Down’s syndrome could soon be treated in the womb by targeting a key gene, scientists say. Researchers have found a way to alter the extra chromosome in a baby’s cells which causes the condition.
People with Down’s suffer a learning disability which varies for each person caused by a one-off genetic change in the sperm or egg.
A healthy baby is born with 46 chromosomes but babies with Down’s have an extra copy of chromosome 21 which changes how a baby develops.
The crucial chromosome 21 is called gene OLIG2. In a brain model grown in a lab using cells extracted from Down’s patients, researchers found that using drugs to inhibit OLIG2 stopped the production of harmful neurons. When a Down’s brain was triggered in mice using the same technique it found these neurons were being overproduced by the cells and were linked to impaired memory.
Assistant Prof Peng Jiang, of Rutgers University in the US, said: “Down’s syndrome is a common neurodevelopmental disorder, and cognitive defects in Down’s syndrome patients may arise from imbalances in excitatory and inhibitory neurotransmission.
“Understanding the mechanisms underlying such imbalances may provide opportunities for therapeutic intervention. “Our results suggest the OLIG2 gene is potentially an excellent prenatal therapeutic target to reverse abnormal embryonic brain development, as well as improving postnatal cognitive function.”
All pregnant women are offered screening tests for Down’s and the risk increases with the mother’s age. The NHS said a woman who’s 20 has about a one in 1,500 chance of having a baby with Down’s, while a woman who’s 40 has a one in 100 chance.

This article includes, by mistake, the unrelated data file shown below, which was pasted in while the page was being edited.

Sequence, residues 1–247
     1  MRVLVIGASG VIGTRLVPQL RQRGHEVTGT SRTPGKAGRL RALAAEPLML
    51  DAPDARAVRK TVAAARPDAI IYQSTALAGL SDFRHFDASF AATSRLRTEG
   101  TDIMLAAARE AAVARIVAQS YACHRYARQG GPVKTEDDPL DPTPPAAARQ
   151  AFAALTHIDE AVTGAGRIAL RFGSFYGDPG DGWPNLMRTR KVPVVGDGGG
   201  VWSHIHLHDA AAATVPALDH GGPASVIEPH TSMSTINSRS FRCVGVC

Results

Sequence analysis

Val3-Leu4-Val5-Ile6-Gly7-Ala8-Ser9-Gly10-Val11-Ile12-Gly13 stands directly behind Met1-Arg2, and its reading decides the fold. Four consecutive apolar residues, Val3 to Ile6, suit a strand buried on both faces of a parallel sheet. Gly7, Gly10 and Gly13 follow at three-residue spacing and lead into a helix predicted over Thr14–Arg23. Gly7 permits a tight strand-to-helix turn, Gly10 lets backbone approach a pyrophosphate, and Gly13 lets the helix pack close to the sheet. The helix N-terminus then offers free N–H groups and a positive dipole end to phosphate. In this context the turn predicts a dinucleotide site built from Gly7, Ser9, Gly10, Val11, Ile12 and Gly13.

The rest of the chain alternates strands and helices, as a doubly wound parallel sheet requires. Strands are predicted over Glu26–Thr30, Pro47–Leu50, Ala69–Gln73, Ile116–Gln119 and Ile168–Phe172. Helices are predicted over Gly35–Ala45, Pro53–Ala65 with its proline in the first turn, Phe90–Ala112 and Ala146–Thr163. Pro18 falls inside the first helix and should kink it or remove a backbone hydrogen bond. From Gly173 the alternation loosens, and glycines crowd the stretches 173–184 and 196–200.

The crucial chromosome 21 is called gene OLIG2 (Image: Getty) As well as suffering delayed development some children may have more complex needs such as being autistic or having attention deficit hyperactivity disorder (ADHD).
Heart conditions, hearing and vision problems, thyroid conditions and infections, such as pneumonia, are also more common in Down’s people. The new treatment promises to reverse abnormal embryonic brain development and improve memory after birth. The study used stem cells collected from Down’s patients that can turn into other cells in the brain.
They genetically reprogrammed those cells to human-induced pluripotent stem cells (hiPSCs). These special cells can develop into many different types of cells, including brain cells, during early life and growth. Bu using brain cells derived from stem cells with an extra copy of chromosome 21, the scientists grew a 3D brain organoid model in the lab, which resembles the early developing human brain. They also did the same with a mouse brain in a live mouse.
They found that inhibitory neurons – which make your brain function smoothly – were overproduced in both models, and adult mice had impaired memory. They also found that the OLIG2 gene plays a critical role in those effects and that inhibiting it led to improvements.
The combination of the brain organoid and mouse brain model could be used to study other neurodevelopmental disorders such as autism spectrum disorder. It may also help scientists better understand the mechanisms in Alzheimer’s disease. Down’s patients often develop early-onset Alzheimer’s disease, Prof Jiang noted. The study was published in the journal Cell Stem Cell.